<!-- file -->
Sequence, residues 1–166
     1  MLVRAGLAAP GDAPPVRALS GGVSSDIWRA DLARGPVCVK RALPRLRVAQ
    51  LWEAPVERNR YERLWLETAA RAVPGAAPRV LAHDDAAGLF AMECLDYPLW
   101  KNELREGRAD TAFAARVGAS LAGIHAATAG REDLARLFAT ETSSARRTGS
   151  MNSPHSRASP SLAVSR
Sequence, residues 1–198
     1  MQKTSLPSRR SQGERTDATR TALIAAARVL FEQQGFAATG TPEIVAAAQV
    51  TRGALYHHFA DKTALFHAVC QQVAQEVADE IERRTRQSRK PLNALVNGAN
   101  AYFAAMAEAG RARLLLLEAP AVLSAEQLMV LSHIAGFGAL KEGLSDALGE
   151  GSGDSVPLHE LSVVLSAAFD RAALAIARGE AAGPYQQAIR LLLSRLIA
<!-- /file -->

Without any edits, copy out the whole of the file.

Sequence, residues 1–166
     1  MLVRAGLAAP GDAPPVRALS GGVSSDIWRA DLARGPVCVK RALPRLRVAQ
    51  LWEAPVERNR YERLWLETAA RAVPGAAPRV LAHDDAAGLF AMECLDYPLW
   101  KNELREGRAD TAFAARVGAS LAGIHAATAG REDLARLFAT ETSSARRTGS
   151  MNSPHSRASP SLAVSR
Sequence, residues 1–198
     1  MQKTSLPSRR SQGERTDATR TALIAAARVL FEQQGFAATG TPEIVAAAQV
    51  TRGALYHHFA DKTALFHAVC QQVAQEVADE IERRTRQSRK PLNALVNGAN
   101  AYFAAMAEAG RARLLLLEAP AVLSAEQLMV LSHIAGFGAL KEGLSDALGE
   151  GSGDSVPLHE LSVVLSAAFD RAALAIARGE AAGPYQQAIR LLLSRLIA